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THE DREADED MRI    Published 2014-10-13

I was having some issues with my upper neck so the doctor asked me to make an appointment for an MRI.  And at that very moment, the anxiety began.  You see, I am severely claustrophobic and could not stand the thought of being scrunched into a machine.  But, the pain had been so bad, that I knew I just had to man up and do it.
The ideal machine would have been an open MRI but that would have taken another week to get an appointment and I had been in so much pain that it was necessary to take this appointment.  When I made the appointment, I asked about earphones and they said that there were earphones that were available.  Ah, some relief.  Keith Urban and I could go into the MRI machine together.  
So, with an overwhelming anxiety, I drove to the office.  I was escorted into a room to take off my clothes and get into one of those ever-so-lovely gowns (do you tie in the front or back – UGH).  As I toted my IPod with me, the nurse reminded me that I could not take my IPod with me.  I started to sweat and I said “no, I asked and they said I could” and she said, on some tests it is okay but on this particular test, I was unable to take it inside.  The flood gates opened.  My tension and anxiety all came out and I had a head on panic attack.  I felt so vulnerable.  I was shaking and panicking and could not even think about going into that very small area of the machine.
As I walked down the hall to the room where the machine was located, I could feel the pressure of my heart pounding through my chest and I was eyeing up the closest bathroom in case I thought I might lose my breakfast.  
As we entered the room, the MRI tech went from being a very good customer service person to a very empathetic human being.  Her voice changed.  She sounded like a mom.  She assured me that she would be right there with me.  She encouraged me to get onto the table and we could then try a few things.  She put ear plugs in my ear.  She place cushions around my ears (to help me from moving).  Still, with that very soothing mother voice, I felt nervous but it was getting a little easier.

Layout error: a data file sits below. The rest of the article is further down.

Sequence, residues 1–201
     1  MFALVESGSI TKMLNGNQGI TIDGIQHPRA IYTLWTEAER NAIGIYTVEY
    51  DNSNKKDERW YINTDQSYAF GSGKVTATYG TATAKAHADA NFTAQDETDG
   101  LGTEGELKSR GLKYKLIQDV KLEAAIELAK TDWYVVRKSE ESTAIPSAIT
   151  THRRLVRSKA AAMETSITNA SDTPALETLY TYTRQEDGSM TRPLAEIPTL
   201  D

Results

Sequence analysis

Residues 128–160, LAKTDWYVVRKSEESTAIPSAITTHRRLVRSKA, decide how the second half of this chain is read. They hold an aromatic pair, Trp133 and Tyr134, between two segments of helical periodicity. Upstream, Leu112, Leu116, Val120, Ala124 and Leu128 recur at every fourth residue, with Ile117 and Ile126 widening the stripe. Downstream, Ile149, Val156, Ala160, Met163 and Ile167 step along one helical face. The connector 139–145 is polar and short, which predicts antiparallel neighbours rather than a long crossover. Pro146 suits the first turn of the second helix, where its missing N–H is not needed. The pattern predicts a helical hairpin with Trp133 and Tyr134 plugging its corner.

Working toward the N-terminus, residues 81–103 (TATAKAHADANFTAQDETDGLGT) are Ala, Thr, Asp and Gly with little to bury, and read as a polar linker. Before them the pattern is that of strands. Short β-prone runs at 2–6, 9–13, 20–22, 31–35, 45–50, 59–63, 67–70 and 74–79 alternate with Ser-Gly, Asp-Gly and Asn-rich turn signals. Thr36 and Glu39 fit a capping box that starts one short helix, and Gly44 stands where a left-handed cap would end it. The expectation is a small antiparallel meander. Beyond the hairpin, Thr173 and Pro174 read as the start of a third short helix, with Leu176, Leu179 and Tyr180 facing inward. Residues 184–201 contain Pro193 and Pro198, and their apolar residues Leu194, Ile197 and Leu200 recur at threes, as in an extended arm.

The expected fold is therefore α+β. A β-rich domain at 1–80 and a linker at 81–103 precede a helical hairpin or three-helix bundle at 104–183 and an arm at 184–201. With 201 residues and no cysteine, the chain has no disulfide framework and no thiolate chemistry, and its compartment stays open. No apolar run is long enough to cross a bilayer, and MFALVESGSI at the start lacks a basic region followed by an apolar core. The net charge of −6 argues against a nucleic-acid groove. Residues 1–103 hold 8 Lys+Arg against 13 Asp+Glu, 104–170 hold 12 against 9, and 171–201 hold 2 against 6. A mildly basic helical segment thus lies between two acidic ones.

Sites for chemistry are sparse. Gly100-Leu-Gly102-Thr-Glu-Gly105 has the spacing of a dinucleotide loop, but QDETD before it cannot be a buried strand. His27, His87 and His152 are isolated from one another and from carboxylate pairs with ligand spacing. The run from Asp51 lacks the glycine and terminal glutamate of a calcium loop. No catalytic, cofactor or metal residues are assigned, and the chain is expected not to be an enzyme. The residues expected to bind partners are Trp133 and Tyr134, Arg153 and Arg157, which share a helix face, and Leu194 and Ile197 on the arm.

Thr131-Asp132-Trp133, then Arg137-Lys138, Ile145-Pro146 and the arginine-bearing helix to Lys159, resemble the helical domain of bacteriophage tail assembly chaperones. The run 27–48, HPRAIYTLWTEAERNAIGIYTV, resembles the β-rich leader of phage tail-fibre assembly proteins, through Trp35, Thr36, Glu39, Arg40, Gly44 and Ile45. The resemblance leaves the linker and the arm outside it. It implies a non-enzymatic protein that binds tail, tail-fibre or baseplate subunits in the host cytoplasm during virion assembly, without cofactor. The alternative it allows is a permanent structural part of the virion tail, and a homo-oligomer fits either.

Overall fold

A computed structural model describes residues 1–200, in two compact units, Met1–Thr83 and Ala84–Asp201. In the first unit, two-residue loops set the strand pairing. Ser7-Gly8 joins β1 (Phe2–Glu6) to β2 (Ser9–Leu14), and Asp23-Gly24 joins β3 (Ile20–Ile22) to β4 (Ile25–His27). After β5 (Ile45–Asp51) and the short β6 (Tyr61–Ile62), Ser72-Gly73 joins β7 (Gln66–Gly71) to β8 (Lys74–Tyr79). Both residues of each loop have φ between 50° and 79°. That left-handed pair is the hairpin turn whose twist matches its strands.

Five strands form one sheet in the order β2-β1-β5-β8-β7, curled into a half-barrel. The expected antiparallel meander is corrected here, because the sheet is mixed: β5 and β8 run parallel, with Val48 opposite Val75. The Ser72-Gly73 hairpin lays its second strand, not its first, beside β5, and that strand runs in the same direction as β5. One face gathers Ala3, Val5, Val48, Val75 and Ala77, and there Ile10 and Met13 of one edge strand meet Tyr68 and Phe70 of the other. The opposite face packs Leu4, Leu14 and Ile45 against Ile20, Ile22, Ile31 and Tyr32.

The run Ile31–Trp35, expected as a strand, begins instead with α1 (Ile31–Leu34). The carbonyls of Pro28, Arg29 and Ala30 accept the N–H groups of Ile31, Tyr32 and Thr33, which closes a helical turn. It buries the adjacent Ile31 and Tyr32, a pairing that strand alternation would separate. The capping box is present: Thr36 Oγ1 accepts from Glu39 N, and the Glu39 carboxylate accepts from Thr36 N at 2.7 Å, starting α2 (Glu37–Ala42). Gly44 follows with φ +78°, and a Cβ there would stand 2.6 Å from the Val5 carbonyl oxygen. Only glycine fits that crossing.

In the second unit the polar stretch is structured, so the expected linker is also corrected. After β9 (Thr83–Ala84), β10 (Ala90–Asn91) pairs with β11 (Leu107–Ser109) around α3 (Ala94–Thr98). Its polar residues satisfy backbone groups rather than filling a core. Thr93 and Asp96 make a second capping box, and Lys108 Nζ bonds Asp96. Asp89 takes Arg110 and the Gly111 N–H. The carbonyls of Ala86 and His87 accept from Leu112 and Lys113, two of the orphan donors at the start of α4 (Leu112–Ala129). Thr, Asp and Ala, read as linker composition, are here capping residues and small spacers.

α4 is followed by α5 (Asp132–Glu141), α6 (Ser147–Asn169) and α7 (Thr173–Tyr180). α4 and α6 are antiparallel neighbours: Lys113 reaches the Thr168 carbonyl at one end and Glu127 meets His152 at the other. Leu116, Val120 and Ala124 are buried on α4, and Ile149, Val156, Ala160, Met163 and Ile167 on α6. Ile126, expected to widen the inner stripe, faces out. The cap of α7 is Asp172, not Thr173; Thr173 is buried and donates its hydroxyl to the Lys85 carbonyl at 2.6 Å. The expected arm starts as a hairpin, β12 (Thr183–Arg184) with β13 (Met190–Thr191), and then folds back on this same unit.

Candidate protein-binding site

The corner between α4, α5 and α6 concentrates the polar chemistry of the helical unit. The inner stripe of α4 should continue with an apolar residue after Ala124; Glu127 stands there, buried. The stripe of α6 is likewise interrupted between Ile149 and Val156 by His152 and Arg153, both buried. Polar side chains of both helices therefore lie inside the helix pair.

We tried a first run.  Slowly, she moved me into the machine.  About half way through I panicked – again.  And it was not a pretty panic (as if there is one).  I was sweating, could not catch my breath and jumped off the table.  I just knew I was getting ready to hyperventilate.  But she remained calm.  She said “we can work at whatever pace you like.  Just take some deep breaths.”
Round two.  She suggested that I put a cold washcloth over my eyes so that I could not see how close I was.  So, we tried again.  I practiced breathing and I got in there.  Then, in trying to help, she gave me a blanket, a velour blanket.  Um, I cannot stand the touch and feel of velour or corduroy.  But I know that she didn’t know that and I knew she was just trying to comfort me.
She talked me through everything.  Of course, then the loud banging inside the machine began.  So, I tried to match up the beats with songs I knew.  About every two minutes I would hear her very soothing voice say “Dawn, you are doing great.  Keep it up.  I am here if you need me.”  And, yep, I made it through.  This wonderful woman deserves so much for her patience with me and her soothing voice.  Also, I learned so much about myself.  I learned that I can push through anything.  I also learned how important positive thinking is in those types of situations.  I told myself “you can do this, you can get through this”.  
I tell this story for those who provide customer service.  You have the ability to help people in every situation but it is important to remember that every customer has different needs.  Someone who excels at customer service finds those needs and helps to make customers feel comfortable. 

Blog Archives

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